In this summer’s record heat, splashing the crisp, cool water sounds like delicious bliss. Each drop provides crisp relief as it taps your face, extinguishing sizzling skin.
But if you find such a euphoric respite with a baby shower cap, this soothing spray can quickly turn into disgusting sputum as drops and drops can be drenched with diarrheal pathogens. Each patter can offer a plague of infectious microbes that, if accidentally ingested, can turn you into a veritable fountain of feces in the days to come.
That’s at least a warning from the Centers for Disease Control and Prevention. This week, the agency released a report describing two gastrointestinal outbreaks related to one recreational welcome platform in Kansas. Two outbreaks that split in June 2021 affected two different pathogens –Shigella bacteria and noroviruses – and at least 27 people fell ill together. While some circumstances are specific to this particular Kansas rainfall, outbreaks indicate a widespread risk of such facilities that are often unregulated.
Splash pads – popular water spots where interactive fountains, water jets, and jets can be found – typically don’t include stagnant areas. For this reason, “splash pads do not always meet the local, state, territorial or tribal definition of a” water spot “and may be exempt from public health regulations, the CDC notes on its website. “This means they are not always regulated and not always required to disinfect water with germ-killing chemicals.”
In other words, the water gushing from these tempting jets could have been filtered through a dirty swim diaper and not through a proper sanitation system. This is not only a terrifying hypothetical, but a disgusting reality. The CDC has recorded many such epidemics over the years and listed the risk for more. The most obvious is that young children generally have poor hygiene and toilet skills, and like to sit and stand in jets which, as the CDC bluntly warns, “can wash the poop off your butt.” Young children are also likely to get this water in their mouths, making them complete the fecal-oral route in record time.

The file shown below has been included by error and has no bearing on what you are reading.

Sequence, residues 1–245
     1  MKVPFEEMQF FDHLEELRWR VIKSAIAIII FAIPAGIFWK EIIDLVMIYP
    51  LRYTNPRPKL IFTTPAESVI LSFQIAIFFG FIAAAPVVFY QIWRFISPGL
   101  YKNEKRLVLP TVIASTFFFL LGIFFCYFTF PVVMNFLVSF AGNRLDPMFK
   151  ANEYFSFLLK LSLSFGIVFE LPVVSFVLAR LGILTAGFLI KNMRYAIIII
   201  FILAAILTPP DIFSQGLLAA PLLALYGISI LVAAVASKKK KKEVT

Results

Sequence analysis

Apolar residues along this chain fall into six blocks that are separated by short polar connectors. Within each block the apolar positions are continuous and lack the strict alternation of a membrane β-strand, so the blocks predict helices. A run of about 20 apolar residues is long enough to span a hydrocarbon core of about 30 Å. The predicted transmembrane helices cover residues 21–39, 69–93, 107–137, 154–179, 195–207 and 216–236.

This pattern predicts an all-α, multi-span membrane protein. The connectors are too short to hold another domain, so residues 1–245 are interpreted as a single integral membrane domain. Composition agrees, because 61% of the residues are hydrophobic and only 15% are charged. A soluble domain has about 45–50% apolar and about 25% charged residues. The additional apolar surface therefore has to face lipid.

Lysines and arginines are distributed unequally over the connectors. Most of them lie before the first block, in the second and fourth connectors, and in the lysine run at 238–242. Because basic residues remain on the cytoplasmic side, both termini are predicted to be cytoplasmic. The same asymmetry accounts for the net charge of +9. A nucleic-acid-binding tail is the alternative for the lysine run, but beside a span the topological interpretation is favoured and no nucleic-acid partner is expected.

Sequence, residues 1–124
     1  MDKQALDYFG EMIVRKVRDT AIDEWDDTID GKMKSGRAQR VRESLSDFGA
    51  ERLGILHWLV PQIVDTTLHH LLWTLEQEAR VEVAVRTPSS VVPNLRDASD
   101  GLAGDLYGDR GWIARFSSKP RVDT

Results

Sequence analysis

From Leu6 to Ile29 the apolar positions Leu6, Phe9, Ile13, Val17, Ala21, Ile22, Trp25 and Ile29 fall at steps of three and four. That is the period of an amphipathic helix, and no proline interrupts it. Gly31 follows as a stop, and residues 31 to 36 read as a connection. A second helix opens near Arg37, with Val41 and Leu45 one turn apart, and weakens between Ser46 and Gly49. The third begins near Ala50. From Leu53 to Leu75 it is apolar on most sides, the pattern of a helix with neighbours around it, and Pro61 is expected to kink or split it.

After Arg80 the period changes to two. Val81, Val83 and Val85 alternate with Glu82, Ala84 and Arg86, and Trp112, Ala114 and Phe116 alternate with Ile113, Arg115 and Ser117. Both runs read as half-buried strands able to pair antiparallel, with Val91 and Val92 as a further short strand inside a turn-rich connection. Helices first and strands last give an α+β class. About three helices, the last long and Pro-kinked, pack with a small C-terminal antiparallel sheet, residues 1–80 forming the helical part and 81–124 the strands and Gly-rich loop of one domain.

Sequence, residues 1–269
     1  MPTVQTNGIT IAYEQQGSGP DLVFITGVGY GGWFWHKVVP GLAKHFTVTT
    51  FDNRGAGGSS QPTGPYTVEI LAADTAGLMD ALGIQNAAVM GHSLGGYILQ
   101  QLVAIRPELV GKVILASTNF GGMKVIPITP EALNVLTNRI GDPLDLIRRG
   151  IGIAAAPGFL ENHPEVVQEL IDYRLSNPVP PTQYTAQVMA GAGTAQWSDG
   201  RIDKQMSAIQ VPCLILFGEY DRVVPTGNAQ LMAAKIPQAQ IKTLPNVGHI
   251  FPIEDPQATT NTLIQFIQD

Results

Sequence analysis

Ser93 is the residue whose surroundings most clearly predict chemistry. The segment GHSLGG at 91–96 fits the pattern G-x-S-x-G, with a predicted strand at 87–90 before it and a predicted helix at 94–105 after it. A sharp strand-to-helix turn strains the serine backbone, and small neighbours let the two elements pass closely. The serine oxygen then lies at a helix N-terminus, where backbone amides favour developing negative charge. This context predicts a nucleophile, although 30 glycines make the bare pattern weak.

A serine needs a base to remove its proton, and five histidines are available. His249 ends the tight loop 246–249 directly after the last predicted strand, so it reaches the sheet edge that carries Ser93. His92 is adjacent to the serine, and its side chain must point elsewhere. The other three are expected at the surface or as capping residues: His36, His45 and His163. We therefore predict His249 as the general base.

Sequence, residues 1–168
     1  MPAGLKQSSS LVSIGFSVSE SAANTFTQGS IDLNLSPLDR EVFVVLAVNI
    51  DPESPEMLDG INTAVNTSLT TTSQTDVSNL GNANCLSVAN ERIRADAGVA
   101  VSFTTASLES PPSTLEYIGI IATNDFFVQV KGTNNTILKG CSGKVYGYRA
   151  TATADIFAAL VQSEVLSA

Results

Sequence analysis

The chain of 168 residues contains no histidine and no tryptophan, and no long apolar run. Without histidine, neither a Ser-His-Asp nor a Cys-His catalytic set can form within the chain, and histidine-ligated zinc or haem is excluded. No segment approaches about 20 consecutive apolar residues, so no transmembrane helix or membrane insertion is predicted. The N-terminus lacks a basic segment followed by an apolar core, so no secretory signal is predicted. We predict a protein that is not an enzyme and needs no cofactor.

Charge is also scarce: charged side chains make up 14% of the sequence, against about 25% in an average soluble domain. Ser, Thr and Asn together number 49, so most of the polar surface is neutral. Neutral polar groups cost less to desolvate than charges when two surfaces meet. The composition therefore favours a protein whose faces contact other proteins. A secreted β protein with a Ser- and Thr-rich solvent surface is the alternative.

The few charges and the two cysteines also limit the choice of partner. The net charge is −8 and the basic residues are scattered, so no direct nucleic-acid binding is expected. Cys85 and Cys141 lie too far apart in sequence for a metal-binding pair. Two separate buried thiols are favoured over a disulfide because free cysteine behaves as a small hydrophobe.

The authors of a new report, written by CDC and Kansas health officials, cited a 2010 study that documented children’s behavior in the paddles and found that “babies wear diapers, sit on jets of water, and put their mouths open in the water.”
Moreover, the jets and sprays themselves are a risk because when the water is aerosolized it depletes the concentration of free chlorine, making it difficult to maintain the concentration needed to prevent the spread of disease at all times.
If all this wasn’t boring enough, the report of two outbreaks in Kansas notes that flat splashes were found in a wildlife park where people visited exhibits of animals, including lemurs, before entering the water. One of the epidemics on June 11 was about spreading Shigella bacteria that cause a diarrheal disease called shigellosis.
Non-human primates such as lemurs are the only known reservoir of animals Shigella. But the outbreak, which affected at least 21 children and adolescents between the ages of 1 and 15, was not related to touching or feeding lemurs, epidemic researchers found. Instead, sickness was associated with splash fun and splash water getting into the mouth. Three sick children had to be hospitalized and fortunately recovered.
A week later, on June 18, another epidemic broke out, this time with norovirus. Investigators identified six cases in this epidemic, affecting people between the ages of 1 and 38. All sick people played splash water and all reported that they were getting water in their mouths.
But it is not everything. In the days between the two outbreaks, researchers identified more cases of acute gastrointestinal disease in people who visited the park but lacked the laboratory data to link them directly to any of the identified outbreaks. With additional cases identified on June 19, investigators found 63 gastrointestinal diseases and the enclosure was closed on June 19.
Reconsider the rules
When local health officials investigated the operation of the covers, they found some disturbing features that could explain the outbreaks, including:
Stagnant water in the reservoir (into which the water flows after the users are sprinkled and before filtration, disinfection and re-sprinkling) overnight, instead of being constantly recirculated, filtered and chlorinated. The splash pad did not have an automatic controller to measure and maintain the concentration of free chlorine needed to prevent the transmission of pathogens. In addition, no staff members had documentation of completion of standardized operator training.
CDC tests detected gastrointestinal bacteria in three of the seven pumps used to deliver water to the splash elements.
After the protector was closed on June 19, the wildlife park took on the health researcher’s discoveries, adding continuous circulation, filtering, disinfection; adding an automated chlorine controller and training its staff. The welcome panel reopened on July 24 and no additional welcoming panel diseases were identified.
“As the use of guards increases, exempting washers from regulation under public health codes should be reconsidered,” concluded the authors of the report.
For now, however, simple messages can also help prevent splashes, such as signs telling sprayers and caregivers: “Do not enter the water if you have diarrhea”, “Do not stand or sit over the nozzles” and “Do not swallow the water.”